Jack pulls up his pants and sighs. Kyle heads out to the balcony for a cigarette and some phone calls.
“What questions have people been asking you all day?” I ask Jack. “The people who actually do what I’m supposed to be doing right now?”
“Oh, yeah,” says Jack. “Let’s see.”
Kyle returns from the balcony with a phone still to his ear. He determines that Jack is lecturing me on how to do an interview.
“What you’re supposed to ask,” says Jack, “is how me and Kyle met, what kind of a . . .”
“Forget it, Jack,” Kyle interjects. “It’s no use. Dave’s not gonna do a traditional interview.”
“I’m not trying to make it into one!” says Jack, going big. He tones down, turns back to me. “Kyle’s checked out,” he says. And again, angrily, to Kyle: “Kyle has checked out.”
“I’m checked out,” says Kyle.
“So stay checked out!” says Jack.
Kyle heads back to the balcony.
“Okay,” says Jack, “you’re supposed to ask, How does it feel to be famous? And, Kyle, are you resentful of Jack’s famousness? And then you’re supposed to ask, How did we meet Liam? Then you’re supposed to ask, Where did you get the name Tenacious D? Then you’re supposed to ask, What do you like better — acting or music? Then you’re supposed to ask, What’s next for Tenacious D?”
“That sounds great,” I say. “I can’t wait to read it.”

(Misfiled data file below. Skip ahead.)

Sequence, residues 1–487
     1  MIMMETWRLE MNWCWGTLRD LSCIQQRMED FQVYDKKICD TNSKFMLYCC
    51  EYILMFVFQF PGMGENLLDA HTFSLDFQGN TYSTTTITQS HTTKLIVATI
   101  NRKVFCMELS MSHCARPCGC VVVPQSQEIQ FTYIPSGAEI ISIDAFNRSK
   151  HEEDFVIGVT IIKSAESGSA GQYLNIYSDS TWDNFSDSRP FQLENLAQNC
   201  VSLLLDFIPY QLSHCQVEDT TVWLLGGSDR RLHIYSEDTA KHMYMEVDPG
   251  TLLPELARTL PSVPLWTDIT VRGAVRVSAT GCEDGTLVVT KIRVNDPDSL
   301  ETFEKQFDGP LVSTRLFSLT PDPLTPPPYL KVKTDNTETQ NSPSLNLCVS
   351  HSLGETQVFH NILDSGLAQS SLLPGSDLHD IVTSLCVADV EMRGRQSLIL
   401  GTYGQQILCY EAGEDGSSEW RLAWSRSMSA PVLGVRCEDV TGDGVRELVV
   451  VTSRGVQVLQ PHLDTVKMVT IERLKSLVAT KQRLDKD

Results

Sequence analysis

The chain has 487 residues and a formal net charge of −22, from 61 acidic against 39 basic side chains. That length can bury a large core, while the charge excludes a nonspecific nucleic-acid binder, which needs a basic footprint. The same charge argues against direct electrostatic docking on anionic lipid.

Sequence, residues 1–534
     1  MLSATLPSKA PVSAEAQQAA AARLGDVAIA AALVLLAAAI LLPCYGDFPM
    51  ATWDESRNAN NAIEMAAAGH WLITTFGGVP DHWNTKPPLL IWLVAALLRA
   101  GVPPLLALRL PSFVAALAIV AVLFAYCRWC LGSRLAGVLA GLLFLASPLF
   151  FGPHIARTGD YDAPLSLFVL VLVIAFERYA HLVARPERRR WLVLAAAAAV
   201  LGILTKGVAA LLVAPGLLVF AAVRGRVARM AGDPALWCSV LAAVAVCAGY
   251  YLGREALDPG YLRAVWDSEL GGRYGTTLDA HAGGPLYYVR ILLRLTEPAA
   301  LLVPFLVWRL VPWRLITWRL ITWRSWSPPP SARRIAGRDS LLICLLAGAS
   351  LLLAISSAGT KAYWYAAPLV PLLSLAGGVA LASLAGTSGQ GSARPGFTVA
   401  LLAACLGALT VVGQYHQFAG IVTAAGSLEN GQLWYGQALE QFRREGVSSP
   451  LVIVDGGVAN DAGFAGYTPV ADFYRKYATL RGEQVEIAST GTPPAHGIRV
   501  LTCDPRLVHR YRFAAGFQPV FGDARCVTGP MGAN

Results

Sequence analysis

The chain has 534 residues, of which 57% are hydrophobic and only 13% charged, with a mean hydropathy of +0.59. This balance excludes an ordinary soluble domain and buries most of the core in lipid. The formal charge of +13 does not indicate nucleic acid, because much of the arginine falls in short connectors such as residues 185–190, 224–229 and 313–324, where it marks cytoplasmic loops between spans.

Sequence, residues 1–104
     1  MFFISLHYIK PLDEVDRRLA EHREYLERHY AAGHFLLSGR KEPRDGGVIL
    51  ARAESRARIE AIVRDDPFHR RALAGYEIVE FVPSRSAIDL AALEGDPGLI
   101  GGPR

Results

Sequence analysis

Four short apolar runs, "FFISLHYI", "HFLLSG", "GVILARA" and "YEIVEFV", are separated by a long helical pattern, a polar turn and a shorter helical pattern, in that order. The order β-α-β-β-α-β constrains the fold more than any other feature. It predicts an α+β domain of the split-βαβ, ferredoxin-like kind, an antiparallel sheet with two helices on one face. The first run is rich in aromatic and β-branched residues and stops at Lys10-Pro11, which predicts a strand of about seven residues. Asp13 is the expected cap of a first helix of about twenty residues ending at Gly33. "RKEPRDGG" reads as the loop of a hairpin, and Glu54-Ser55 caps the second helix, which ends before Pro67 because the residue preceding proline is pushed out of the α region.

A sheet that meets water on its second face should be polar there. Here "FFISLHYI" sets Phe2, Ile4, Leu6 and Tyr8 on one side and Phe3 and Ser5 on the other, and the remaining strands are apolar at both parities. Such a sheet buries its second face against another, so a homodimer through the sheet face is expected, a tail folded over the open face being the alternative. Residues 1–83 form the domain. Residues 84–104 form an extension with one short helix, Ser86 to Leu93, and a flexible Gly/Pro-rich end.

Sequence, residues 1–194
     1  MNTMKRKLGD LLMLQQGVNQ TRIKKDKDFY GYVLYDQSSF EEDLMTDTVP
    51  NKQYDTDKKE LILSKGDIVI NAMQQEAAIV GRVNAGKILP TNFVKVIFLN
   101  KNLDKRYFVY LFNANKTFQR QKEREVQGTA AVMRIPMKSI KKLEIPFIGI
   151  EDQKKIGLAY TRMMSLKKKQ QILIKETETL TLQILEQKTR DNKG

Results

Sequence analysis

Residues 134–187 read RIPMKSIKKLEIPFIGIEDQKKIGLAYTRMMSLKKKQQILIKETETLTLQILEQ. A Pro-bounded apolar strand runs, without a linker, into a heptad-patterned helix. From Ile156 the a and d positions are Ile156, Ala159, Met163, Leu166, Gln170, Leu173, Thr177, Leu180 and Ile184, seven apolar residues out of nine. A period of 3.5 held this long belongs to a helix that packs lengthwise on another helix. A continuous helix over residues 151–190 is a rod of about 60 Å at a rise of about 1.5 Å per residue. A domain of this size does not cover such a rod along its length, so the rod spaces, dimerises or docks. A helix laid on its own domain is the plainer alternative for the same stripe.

“There’s probably something else, some other questions you’re supposed to ask,” says Jack. “But I can’t remember. I’m glad you’re not asking them, but I don’t care if you do, by the way. No matter what comes out of your mouth . . .”
Kyle rejoins Jack on the couch, still on the phone, on hold.
“. . . unlike Kyle,” Jack continues, “I’m going to roll with it. Kyle has checked out. At this point he’s just sittin’ here. And that’s okay. That’s part of the interview. You should print that: Kyle mistakes nonlinear artistic interview for lazy unprofessionalism, and then checks out.”
“That’s it,” says Kyle. “We didn’t do an interview, but we made a good friend.”
“Dude!” says Jack, faux-angrily twisting up the volume. “I’m pretty sure we got some gold early on. And I think we were getting ready for another dip, right before you fuckin’ checked out.”
“What?” says Kyle.
“We were gonna catch a wave!” says Jack, raising his elbows for balance.
Kyle digests this. Looks at Jack. Looks at me. Looks at Jack.
“Can I check back in?” says Kyle.
“Yes, you can,” says Jack.
“All right,” says Kyle, pocketing his telephone. “Ready. We’re back.”
Wonderboy, what is the secret of your power?
Wonderboy, won’t you take me far away from the ?mucky-muck man?
—Tenacious D, “Wonderboy”
Jack asks to see the small piece of paper across which I’ve scrawled the words Tenacious D, followed by my two important questions. (I figure one hour for an interview equals two questions at 30 minutes each.) I hand it to him, and he reads it to Kyle: “This is not really a question, it’s a statement. It’s just, in quotes, ‘Follow me. We are the shadows.’ ”